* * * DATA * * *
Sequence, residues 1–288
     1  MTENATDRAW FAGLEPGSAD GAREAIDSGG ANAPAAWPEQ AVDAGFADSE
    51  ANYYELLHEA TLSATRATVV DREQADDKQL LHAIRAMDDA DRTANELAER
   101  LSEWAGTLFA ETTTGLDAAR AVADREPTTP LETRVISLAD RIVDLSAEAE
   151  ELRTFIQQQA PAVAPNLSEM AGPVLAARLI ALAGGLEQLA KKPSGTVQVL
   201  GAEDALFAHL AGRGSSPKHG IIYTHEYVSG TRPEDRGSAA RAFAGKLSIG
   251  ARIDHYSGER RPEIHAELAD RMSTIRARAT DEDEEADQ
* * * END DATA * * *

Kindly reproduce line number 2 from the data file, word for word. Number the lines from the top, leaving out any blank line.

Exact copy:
     1  MTENATDRAW FAGLEPGSAD GAREAIDSGG ANAPAAWPEQ AVDAGFADSE